Twelve year old Ullapool environmentalist objects to Highland spaceport
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Scotland's leading young environmentalist has objected to Britain's first vertical launch spaceport planned for the Moine Peninsula near Tongue.
Finlay Pringle – who has been hailed by TV wildlife presenter Chris Packham and campaigner Greta Thunberg – has officially lodged his protest over the planned £17.3m spaceport.
Finlay, a global shark ambassador for the Sea Shepherd Conservation Society, was last year selected as one of 10 UK "Change Makers" by the Children's Media Conference in Sheffield.
The 12-year-old from Ullapool has also won numerous awards for his conservation work. He was made "Young Marine Conservationist of the Year' by the Marsh Christian Trust, in conjunction with the Wildlife Trust, in 2018 and last year won the Daily Mirror "Young Animal Hero" of 2019.
Finlay hit the headlines when he was "sacked" by a group as an ambassador for sharks and was subject to scout leaders trolling him after he posted online his opposition to a controversial sea adventure project by TV survival expert Bear Grylls.
But he was hailed as a hero by BBC Springwatch presenter Mr Packham for standing up to the intimidation.
Now in his letter to Highland Council, protesting about the spaceport, Finlay writes: "My issues with the spaceport begin with nature. The Flow Country is Europe's largest peat bog and is being considered for UNESCO world heritage site status.
"The spaceport site is close to a Special Area of Conservation; Special Protection Area; RAMSAR site (Wetland of International importance) and also 3 SSSI designations for rare plants and animals.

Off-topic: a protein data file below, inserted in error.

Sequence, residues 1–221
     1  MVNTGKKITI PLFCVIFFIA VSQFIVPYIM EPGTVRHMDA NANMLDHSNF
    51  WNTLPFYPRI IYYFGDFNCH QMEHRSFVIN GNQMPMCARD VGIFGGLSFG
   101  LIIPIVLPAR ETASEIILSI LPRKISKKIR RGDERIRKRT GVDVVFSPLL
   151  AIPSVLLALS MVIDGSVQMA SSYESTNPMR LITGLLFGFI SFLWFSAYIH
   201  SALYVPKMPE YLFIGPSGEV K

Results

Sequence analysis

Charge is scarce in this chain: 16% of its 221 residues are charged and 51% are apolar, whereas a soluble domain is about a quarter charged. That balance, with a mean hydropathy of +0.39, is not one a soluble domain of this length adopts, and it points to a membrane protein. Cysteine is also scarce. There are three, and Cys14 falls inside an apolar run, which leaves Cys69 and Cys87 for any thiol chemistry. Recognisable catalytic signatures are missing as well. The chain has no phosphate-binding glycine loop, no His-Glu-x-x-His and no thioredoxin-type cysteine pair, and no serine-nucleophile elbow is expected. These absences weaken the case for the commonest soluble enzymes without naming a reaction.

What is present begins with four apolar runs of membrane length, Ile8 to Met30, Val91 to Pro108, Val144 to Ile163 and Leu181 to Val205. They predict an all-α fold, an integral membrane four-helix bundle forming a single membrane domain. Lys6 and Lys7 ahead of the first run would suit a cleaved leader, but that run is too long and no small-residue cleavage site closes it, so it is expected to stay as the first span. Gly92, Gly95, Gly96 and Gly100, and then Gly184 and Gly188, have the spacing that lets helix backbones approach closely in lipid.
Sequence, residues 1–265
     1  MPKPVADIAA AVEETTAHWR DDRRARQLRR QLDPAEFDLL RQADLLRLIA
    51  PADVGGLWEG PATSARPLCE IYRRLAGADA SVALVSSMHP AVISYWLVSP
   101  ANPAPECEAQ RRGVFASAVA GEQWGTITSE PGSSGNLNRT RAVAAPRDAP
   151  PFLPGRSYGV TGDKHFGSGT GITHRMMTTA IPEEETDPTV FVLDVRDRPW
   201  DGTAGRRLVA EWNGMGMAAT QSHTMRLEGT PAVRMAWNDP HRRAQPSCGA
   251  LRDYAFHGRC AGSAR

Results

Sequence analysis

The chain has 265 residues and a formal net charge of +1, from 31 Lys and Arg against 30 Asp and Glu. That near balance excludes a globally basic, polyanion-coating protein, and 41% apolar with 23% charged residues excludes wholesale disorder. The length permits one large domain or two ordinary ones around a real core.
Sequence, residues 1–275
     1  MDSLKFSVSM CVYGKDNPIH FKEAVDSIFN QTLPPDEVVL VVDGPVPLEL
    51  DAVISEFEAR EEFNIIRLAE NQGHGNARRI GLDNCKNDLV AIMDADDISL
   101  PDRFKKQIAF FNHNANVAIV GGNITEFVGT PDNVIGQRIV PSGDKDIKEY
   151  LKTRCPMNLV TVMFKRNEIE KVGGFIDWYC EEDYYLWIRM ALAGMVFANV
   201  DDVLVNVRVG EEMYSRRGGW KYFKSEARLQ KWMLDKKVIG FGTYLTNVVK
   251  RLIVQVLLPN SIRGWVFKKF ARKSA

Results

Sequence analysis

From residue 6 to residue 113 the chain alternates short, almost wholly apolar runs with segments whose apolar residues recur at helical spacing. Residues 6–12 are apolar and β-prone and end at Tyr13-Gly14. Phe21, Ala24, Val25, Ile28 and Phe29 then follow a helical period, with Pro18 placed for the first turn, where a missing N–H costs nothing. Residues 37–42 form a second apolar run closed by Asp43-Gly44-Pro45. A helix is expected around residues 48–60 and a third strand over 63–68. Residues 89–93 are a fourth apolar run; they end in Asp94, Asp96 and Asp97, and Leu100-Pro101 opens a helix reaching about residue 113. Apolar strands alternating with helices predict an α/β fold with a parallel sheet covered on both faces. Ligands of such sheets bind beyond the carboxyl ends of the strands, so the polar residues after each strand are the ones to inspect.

"In this unique area they are proposing a spaceport for space tourism and to launch satellites for research we don't need, such as to study climate change!
"How backward is that, we already have more than enough information about climate change to know that we only have 10 years left to reduce our carbon dioxide levels – no more study is required, we just need governments and councils to listen to the science and take proper, meaningful action on the climate emergencies they have declared.
"In addition to being a rare, unique habitat, peat bogs are also a vital carbon sink in the battle to prevent climate change. Compared to the Amazon rainforest peatbogs can store 30 times the amount of carbon dioxide from the same land area.
"Just recently the Scottish Government recognised this importance by announcing funding to help restore more of this precious habitat, why then are Highlands and Islands Enterprise using £9.8 million of public money to support the building of a spaceport? Surely it doesn't make sense to spend our money restoring peat bogs and then to spend more of our money destroying them.
"The Highland Council declared a Climate Emergency on 9 May 2019. How can the construction of a spaceport in the Highlands which will increase the amount of CO2 in the air by 950T each year be compatible with this declaration? We need people in authority to take the climate and ecological breakdowns seriously, refusing planning for this project would be a good start and signal that the council is prepared to back up its words and take positive action on climate change and protection of nature."
Objections have topped over 300 so far with 88 in favour.
Melness Crofters Estate (MCE), who own the earmarked site, and local community councils have backed the scheme.
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